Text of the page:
Australian street artists are ‘Young & Free’ in San Francisco


Move over Shepard Fairy and Banksy, street artists from down under are ready to share their work with an international audience, too. The destination? The country that initially inspired the take off of Australian urban art, America.

Anthony Lister, 'Backside Street Face', acrylic and aerosol on canvas.

Young and free in San Francisco

The largest exhibition of Australian street art in America to date will be on view at 941 Geary gallery in San Francisco through October 2011 before returning to Melbourne for a 2012 exhibition, reports ArtsHub in an article published on the art resource website in September 2011. The exhibition, “Young & Free: Contemporary Australian Street Artists“, features new work by urban artists Anthony Lister, Ben Frost, Dabs & Myla, Dmote, Ha-Ha, Kid Zoom, Meggs, New2, Rone, Reka, Sofles and Vexta, in a range of media including stencils, paste-ups and direct sprays.

Installation view of "Young & Free", exhibition at 941 Geary (San Francisco, USA).

Installation view of "Young & Free", exhibition at 941 Geary (San Francisco, USA).

In an interview with Hi-Fructose magazine, artist Meggs expressed his hope that the exhibition of “Young & Free” in America would gain Australian street artists the recognition that he feels they have deserved for some time. The artist sees “Young & Free” as a potential catalyst for greater international attention towards the thriving art form, and more exhibitions of urban art in Australia.

Meggs, installation view of "Young & Free" exhibition at 941 Geary (San Francisco, USA).

Meggs, 'Small Skull', hand cast skull with painted details by the artist.

The history of street art in Australia

According to Jaklyn Babington, curator of “Space invaders”, the Australian street art movement can be traced back to the early 1980s when graffiti became increasingly prevalent. During the early years, aesthetically, text dominated the street art scene, but since that time, street art expression has developed into a mixture of signs, symbols and text in the form of stickers, stencils, street interventions, hand-painted posters and paste-ups, and combinations of these practices.

Vexta, 'Tomorrow's War Paint', hand stenciled giclee print, edition of 30, 13 x 13 inches.

Although street art in Australia initially adopted the rebellious underground characteristics common to the worldwide graffiti subculture and the artists of the movement set their goals on conquering public spaces, exhibitions such as “Young & Free” and “Space invaders”, an exhibition by the National Gallery of Australia which surveyed street art in Australia from the past ten years, demonstrate that street art has since expanded, and now includes organised exhibitions in gallery and museum venues. The curators of “Space invaders” state that “street art now functions as an elaborate national and international communication system and is morphing into its next phase in which the ephemeral has become the collectable.”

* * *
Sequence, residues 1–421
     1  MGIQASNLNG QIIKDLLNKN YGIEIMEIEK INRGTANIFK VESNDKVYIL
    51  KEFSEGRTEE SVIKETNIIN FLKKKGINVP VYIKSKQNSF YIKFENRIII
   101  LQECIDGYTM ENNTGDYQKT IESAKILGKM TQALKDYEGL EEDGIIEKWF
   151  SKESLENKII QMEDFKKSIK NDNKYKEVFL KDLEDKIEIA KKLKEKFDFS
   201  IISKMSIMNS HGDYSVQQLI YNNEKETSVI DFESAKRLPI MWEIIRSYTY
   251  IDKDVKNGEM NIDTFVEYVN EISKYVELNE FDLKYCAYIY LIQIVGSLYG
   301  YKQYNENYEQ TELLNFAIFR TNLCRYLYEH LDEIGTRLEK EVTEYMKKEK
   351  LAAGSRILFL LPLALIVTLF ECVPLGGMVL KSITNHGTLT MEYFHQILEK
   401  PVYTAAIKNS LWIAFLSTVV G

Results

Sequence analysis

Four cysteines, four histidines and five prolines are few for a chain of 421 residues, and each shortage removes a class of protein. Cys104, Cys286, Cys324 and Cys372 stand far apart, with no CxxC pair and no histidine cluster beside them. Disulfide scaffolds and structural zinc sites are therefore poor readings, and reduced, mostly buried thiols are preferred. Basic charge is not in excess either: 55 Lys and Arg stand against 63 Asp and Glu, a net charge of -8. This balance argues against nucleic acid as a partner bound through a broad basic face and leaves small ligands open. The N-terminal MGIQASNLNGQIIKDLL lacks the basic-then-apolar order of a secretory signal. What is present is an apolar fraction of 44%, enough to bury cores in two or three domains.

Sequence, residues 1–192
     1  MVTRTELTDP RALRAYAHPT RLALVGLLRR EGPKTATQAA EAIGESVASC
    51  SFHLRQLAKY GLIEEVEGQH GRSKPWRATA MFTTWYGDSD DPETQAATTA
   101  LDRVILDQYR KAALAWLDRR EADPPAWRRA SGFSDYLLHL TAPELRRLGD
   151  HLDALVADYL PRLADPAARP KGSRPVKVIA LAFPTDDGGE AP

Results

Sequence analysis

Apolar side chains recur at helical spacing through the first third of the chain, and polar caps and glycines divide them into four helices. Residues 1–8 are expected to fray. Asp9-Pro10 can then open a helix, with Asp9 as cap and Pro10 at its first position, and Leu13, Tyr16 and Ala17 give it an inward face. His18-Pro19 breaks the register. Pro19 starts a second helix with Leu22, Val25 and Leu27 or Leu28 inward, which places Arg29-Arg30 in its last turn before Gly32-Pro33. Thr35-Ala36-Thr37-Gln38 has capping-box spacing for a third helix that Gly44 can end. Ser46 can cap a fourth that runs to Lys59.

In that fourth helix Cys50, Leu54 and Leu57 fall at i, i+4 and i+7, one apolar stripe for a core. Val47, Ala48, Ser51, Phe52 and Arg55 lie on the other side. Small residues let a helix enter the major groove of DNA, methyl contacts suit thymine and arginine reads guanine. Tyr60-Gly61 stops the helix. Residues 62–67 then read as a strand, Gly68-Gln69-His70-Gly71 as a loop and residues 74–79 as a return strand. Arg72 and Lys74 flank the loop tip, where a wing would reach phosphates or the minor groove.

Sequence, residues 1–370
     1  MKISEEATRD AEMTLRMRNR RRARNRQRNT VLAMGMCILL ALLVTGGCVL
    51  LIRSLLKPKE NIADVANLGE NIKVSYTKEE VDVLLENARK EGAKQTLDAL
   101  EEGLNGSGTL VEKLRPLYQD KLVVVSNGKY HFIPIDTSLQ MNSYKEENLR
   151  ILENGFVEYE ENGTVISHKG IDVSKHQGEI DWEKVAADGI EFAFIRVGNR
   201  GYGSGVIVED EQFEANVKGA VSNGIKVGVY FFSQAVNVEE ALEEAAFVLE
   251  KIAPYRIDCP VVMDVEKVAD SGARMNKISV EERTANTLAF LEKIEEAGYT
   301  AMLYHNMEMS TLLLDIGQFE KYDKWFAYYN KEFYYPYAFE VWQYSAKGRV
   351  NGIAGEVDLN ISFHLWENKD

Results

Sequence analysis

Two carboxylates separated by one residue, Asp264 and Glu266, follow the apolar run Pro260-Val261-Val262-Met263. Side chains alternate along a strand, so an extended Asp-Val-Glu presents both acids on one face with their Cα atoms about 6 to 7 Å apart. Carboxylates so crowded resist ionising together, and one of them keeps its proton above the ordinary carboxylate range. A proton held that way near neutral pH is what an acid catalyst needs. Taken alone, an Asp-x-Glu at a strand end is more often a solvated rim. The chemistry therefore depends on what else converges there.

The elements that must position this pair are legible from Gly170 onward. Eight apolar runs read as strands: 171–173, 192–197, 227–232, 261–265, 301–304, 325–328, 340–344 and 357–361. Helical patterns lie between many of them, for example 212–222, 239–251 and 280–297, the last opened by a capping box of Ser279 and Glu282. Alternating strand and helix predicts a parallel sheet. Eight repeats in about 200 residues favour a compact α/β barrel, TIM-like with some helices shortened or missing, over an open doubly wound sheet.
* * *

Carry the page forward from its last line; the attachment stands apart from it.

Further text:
Ha-Ha, 'Sitting Ball', aerosol stencil on paper, 31 x 23 inches.

New2, 'New (Refinement of the Decline Part 3)', hand cut layered paper collage, 8 x 18.5 inches.

Melbourne: home of Australian street art

Melbourne, in particular, is an Australian city in which street art thrives. Local artists offer tours of the city’s urban artworks. This is an interesting development given that street artists are notorious for protecting their identities at all costs. In 2008, Australia National Trust and Heritage Victoria’s cultural heritage manager, Tracey Avery, announced her support of a move to protect Melbourne’s street art along the city’s Hosier Lane, recognising the artistic and cultural significance of the art form. Avery’s support was met with opposition from local council groups claiming that protecting graffiti was essentially condoning illegal behaviour and would encourage further tagging in the suburban neighbourhoods that surround the city.

A happy median appears to have arisen from the controversy, as the City of Melbourne website acknowledges that public spaces, when given the appropriate approval, provide artists with powerful platforms to express their creativity and ideas and as a result, legal street art is encouraged. This is an indicator of the official acceptance of street art and also perhaps gives us a taste for what is to come in the development of urban art in Australia.

“Young & Free” will be on view at 941 Geary gallery in San Francisco in the United States until 22 October 2011 before returning to exhibit at a yet to be announced venue in Melbourne, Australia.


Related Topics: street art, exhibitions, Australian art

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